Hawking is referring to the Black hole information paradox.
In classical theories (such as Newtonian mechanics and General Relativity) the model is deterministic. If you know the precise initial conditions of a physical system you can predict its future evolution.
Quantum mechanics introduces indeterminacy: When a quantum system is observed, there is a probability it will be found in particular state. However, the quantum wavefunction evolves following deterministic laws, such as Schrodinger's equation. This means that if you know the wavefunction of a quantum system at any time, you can find its wavefunction at any future time. And with this wavefunction, you can calculate the probabilities of certain outcomes.
Black holes seem to violate this principle: The wavefunction of a quantum system that falls into a black hole is lost, as black holes only have properties of mass/energy, charge, and angular momentum. Moreover, when that mass/energy is returned to the universe by Hawking radiation, the wave function of the original matter is lost. The wave function of the radiation produced by Hawking radiation is indeterminate and and can't (even in principle) be determined from the wavefunction of the matter that collapsed to form the black hole.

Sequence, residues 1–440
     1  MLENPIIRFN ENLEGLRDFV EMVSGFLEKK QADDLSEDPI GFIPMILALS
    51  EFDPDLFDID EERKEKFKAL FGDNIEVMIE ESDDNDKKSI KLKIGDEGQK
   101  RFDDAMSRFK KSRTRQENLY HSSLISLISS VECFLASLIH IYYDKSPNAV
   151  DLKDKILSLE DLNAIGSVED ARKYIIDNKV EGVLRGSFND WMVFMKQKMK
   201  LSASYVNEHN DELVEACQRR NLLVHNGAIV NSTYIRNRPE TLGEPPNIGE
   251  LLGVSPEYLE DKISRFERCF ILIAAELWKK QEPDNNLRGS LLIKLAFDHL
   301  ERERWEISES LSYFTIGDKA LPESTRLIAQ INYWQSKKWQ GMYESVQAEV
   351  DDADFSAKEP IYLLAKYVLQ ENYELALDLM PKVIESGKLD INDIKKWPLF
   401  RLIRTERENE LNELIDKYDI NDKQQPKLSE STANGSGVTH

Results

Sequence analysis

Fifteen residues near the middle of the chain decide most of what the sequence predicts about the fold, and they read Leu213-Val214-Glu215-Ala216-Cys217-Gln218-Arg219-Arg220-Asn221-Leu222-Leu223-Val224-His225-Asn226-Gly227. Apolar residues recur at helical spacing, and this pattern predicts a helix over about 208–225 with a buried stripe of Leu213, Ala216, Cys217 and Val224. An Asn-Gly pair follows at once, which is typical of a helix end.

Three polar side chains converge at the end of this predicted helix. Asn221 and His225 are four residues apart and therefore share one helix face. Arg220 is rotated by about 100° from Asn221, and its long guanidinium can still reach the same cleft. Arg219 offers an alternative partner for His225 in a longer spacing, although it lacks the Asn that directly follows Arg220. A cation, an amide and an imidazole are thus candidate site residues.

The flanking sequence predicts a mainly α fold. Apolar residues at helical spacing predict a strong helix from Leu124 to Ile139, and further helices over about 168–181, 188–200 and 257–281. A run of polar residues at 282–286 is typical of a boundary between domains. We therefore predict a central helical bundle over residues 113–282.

Hawking initially suggested that information was indeed lost. However later in life he changed his mind, suggesting that wavefunction information is encoded at the event horizon, and Hawking radiation carries an imprint of the wavefunction of the matter that formed the black hole. This means that if you were (somehow) able to observe the wavefunction of the radiation given off by a black hole, you could calculate the wavefunction of the matter that formed the black hole...
In practical terms this doesn't do much for the astronaut that falls in. Wavefunctions are not generally observable (we can only infer facts about them from statistical observations of particles, and such observations cause the wavefunctions to collapse). Even if we could could observe wave functions, we couldn't observe them over the enormous lives of evaporating black holes (much much longer than the current age of the universe) and even if we did, we aren't certain how to work backwards to "break the code" of the information on the event horizon, nor reconstruct the astronaut from the wavefunction information that is collected this way.
So "Black holes ain't so black" the quantum information of the matter that falls into them isn't destroyed.